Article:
The excessive incentive payments to the Named Class Representatives similarly constitute prima facie evidence that they have not been vigorous advocates for the interests of other class members.  Cf.  Manual for Complex Litigation § 30.42 at 264-65 (3d ed. 1995)  (one factor that may be taken into account in determining the settlement's fairness is whether “particularly segments of the class are treated significantly differently from others. . . .”)  Such an outcome also indicates that class counsel are not adequate representatives.  Cf. In re Ford Motor Co. Bronco II Prods. Liab. Litig., 1995 U.S. Dist. LEXIS 3507 (March 15, 1995) (one of the dangers inherent in class action settlements is that class counsel “may try to 'sell out' the class in exchange for substantial attorneys' fees”).[10]

As Mr. Gardner testifies, “Given the totality of the circumstances of this settlement, the amounts sought by both class counsel and class representatives are so far out of proportion to any reasonable award to them that the conclusion is inescapable that neither class counsel nor class representative are adequate to represent the class.”  Exhibit 2 at ¶ 23.[11]


Finally, this Court should not approve the proposed settlement until the Sheldon objectors have had the opportunity to conduct appropriate discovery in regard to the settlement.  It is well established that objectors have the right to pursue discovery from the settling parties.  See In re General Motors Corp. Engine Interchange Lit., 594 F.2d 1106 (the trial court abused its discretion by preventing objectors from showing through discovery that negotiations prejudiced best interests of the class); A. Conte, Newberg on Class Actions, § 11.57, pp. 11-140 to 11-114 (3d ed. Dec. 1992) (reviewing case law and noting that objectors generally have a right to conduct independent discovery).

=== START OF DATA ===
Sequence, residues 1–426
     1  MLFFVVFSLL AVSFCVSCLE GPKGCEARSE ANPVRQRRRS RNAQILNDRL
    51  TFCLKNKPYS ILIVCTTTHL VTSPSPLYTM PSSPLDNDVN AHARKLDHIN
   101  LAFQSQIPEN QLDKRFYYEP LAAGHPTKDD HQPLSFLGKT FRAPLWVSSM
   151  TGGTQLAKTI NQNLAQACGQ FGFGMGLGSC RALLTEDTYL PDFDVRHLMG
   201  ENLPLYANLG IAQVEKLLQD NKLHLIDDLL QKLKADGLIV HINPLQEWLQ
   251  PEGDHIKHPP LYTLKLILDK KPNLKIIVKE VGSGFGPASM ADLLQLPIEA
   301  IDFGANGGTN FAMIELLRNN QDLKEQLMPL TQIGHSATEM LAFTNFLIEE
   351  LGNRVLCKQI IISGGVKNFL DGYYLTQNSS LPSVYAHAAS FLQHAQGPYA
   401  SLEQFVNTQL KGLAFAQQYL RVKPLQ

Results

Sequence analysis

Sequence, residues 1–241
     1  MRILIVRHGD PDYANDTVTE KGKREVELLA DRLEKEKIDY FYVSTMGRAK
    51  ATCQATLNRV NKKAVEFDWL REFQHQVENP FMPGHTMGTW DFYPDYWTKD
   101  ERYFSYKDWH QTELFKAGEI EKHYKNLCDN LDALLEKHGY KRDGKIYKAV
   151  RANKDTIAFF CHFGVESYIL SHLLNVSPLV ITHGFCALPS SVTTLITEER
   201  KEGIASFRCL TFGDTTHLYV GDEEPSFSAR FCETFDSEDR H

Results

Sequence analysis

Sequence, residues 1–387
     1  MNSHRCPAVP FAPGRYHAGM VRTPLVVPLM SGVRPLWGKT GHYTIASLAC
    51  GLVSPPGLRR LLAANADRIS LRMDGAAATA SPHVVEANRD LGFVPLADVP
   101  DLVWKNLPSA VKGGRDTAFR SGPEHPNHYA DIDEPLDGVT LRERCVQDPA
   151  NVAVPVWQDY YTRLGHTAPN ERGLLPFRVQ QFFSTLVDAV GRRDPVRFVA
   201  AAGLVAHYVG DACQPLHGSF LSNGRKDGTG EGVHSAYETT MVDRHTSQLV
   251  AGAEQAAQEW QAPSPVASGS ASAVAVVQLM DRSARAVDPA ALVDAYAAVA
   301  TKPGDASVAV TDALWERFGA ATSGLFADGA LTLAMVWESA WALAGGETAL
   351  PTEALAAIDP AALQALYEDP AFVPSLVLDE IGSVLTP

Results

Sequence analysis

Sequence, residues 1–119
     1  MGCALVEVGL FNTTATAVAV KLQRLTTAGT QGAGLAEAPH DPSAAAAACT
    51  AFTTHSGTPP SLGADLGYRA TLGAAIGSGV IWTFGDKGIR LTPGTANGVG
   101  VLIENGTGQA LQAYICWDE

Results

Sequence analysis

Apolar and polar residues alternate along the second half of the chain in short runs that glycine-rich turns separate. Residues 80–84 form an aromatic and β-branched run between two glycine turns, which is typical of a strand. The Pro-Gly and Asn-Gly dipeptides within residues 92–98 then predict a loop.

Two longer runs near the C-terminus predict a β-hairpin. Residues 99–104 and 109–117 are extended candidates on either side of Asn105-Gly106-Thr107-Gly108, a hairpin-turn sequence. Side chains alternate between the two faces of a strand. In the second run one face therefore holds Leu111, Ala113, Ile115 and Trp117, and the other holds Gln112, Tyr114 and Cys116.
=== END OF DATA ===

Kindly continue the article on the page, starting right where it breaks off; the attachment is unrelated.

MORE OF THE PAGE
The Sheldon Objectors wish to exercise this well-established right, and have served a limited number of narrow and carefully drafted Requests for Production and Interrogatories upon each of the Settling Parties.  The discovery requested goes to the heart of the Sheldon Objectors’ objections to the proposed settlement, and this Court should not approve the settlement before the Sheldon Objectors have received the discovery sought and have had an opportunity to file supplemental materials in support of their objections.